User:Johnwhelan/How it works
This is a 'How it works' explanation of OpenStreetMap by User:Johnwhelan
Conventional maps are drawn on paper but electronic maps have two parts the first is the electronic database that holds the data and the second is the display method.
The technical information given here is so you can better understand the advantages and limitations of an electronic map.
There are three types of information held in an OSM database or .osm file. The first is pure red tape, version and which program created it and the bounding area
<bounds minlat='45.4158045' minlon='-75.5649948' maxlat='45.423997799999995' maxlon='-75.55057529999999' origin='CGImap 0.0.2' />
Basically we can ignore this red tape.
Besides the red tape an electronic map has points or nodes, and these are connected in various ways by relationships or ways. So electronically in the database a road can be just two points and a relationship, a bus stop a single point or node.
GIS systems have their own specialized jargon so a point is always called a node, a relationship between two nodes is always called a way.
When we want to display we use a display system which will interpret the two nodes and the way as something we recognise as a road. For the bus stop we tell the rendering system to display a particular icon at the node that the user will interpret as a bus stop.
There is one special case of nodes and ways and that is a closed shape, perhaps the outline of a building but the map essentially is just a collection of nodes and ways.
In order to display the road on the map we need additional information and this information in tags is associated with the node or way. @@@@ <node id='412671014' timestamp='2009-05-30T02:35:33Z' uid='92209' user='geobase_stevens' visible='true' version='1' changeset='1355367' lat='45.4187513' lon='-75.5565248' /> @@@@
<way id='35189983' action='modify' timestamp='2009-05-30T02:52:24Z' uid='92209' user='geobase_stevens' visible='true' version='1' changeset='1355377'> <nd ref='412671014' /> <nd ref='412678338' /> <tag k='attribution' v='GeoBase®' /> <tag k='geobase:acquisitionTechnique' v='Vector Data' /> <tag k='geobase:datasetName' v='NRN:Ontario' /> <tag k='geobase:uuid' v='7d66635fca034356942958af6f6995af' /> <tag k='highway' v='residential' /> <tag k='is_in' v='Ontario,Canada' /> <tag k='lanes' v='2' /> <tag k='name' v='Riel Street' /> <tag k='source' v='Geobase_Import_2009' /> <tag k='statscan:rbuid' v='2039331' /> <tag k='name:fr' v='rue Riel' /> </way>
<node id='692451549' timestamp='2010-08-29T16:38:08Z' uid='186592' user='Johnwhelan' visible='true' version='2' changeset='5627896' lat='45.4774912' lon='-75.4898991'>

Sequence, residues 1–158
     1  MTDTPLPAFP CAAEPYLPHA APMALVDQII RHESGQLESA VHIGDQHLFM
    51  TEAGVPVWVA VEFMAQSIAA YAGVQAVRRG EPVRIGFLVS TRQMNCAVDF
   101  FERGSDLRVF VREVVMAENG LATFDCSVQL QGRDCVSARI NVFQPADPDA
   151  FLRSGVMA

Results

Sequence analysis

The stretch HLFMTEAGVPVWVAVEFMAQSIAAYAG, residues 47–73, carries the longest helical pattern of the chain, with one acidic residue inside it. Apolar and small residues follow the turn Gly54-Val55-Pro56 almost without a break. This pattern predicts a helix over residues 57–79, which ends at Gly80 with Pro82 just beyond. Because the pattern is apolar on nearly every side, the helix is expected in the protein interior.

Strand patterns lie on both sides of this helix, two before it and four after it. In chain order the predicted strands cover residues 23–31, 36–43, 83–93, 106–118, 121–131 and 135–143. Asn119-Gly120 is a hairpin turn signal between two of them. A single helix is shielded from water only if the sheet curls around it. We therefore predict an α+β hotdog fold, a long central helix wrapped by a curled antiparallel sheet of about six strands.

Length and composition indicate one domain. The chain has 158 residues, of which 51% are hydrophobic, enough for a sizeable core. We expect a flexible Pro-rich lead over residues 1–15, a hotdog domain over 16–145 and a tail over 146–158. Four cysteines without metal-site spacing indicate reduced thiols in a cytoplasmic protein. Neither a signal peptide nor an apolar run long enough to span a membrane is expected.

<tag k='highway' v='bus_stop' /> <tag k='name' v='7890' /> </node>
We need to give the display system or in GIS Jargon rendering system some rules on how to display a residential 2 lanes wide road and with its name. Information that is not mentioned in the rules is ignored. This is also true of nodes that are tagged shop=florist these are not normally rendered on the default web display and is one explanation of some contributions aren't visible on the web map.
Normally the information and rules I'm describing are hidden from the end user but knowing how it works can be helpful to people contributing to the map. A tag of "amenity=pub" will display a pub icon, "amenity=Pub" will be unrecognized in the rendering rules and display nothing.
When we look at the map displayed on the web www.openstreetmap.org what you actually see is a number of renders on the server. Each layer or level on the scale on the left with the plus and minus sign is prerendered in tiles, and when you zoom in you send back to the server to fetch the next tile. There are alternative ways to render, one is to use JOSM. It doesn't look pretty but if you want information from the tags such as the associated website the information is available. Another more useful one might be a PC based system such as Maperitive. Here we can load up a local .osm file saved from JOSM perhaps and zoom in and out with a much faster response than we might get from the web without an Internet connection. We can also get at the rules. So in the example above we could tell the rendering program to use the name:fr value for the street name. We are using the same nodes so we get the same map but with French street names.
We can create specialist maps, if we only put "amenity=pub" in the rules and use a really big pub icon, it will omit everything except pubs. We can choose what is displayed or not displayed on our map.
There are two types of software that run against the database to give us capabilities that are not readily available on a paper map. The first is the searches such as Nominatim and the second are the routing programs. Data quality is important here, if the street name is misspelled on the map the search engines won't find it. For the routing programs to work they need to know which streets are connected so if two streets cross but have no connecting node the routing programs won't find that route. The same if a street almost touches another. Is there a barrier at the end of one street or not? The routing algorithm doesn't know so will ignore a potential route.
Hopefully knowing a little more how it works will assist you in contributing and editing the data.